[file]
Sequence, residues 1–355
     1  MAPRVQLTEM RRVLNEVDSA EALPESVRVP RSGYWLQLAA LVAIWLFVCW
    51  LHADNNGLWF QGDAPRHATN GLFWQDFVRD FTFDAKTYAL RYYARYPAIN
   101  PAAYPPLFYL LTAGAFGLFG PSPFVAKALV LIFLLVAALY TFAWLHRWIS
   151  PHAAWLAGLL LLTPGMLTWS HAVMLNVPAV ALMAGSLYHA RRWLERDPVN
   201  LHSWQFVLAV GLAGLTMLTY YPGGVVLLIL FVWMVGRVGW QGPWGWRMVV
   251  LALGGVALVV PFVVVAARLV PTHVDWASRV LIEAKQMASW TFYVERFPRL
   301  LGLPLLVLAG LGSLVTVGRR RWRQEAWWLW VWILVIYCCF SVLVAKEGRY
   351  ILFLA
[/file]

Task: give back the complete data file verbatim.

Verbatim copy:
Sequence, residues 1–355
     1  MAPRVQLTEM RRVLNEVDSA EALPESVRVP RSGYWLQLAA LVAIWLFVCW
    51  LHADNNGLWF QGDAPRHATN GLFWQDFVRD FTFDAKTYAL RYYARYPAIN
   101  PAAYPPLFYL LTAGAFGLFG PSPFVAKALV LIFLLVAALY TFAWLHRWIS
   151  PHAAWLAGLL LLTPGMLTWS HAVMLNVPAV ALMAGSLYHA RRWLERDPVN
   201  LHSWQFVLAV GLAGLTMLTY YPGGVVLLIL FVWMVGRVGW QGPWGWRMVV
   251  LALGGVALVV PFVVVAARLV PTHVDWASRV LIEAKQMASW TFYVERFPRL
   301  LGLPLLVLAG LGSLVTVGRR RWRQEAWWLW VWILVIYCCF SVLVAKEGRY
   351  ILFLA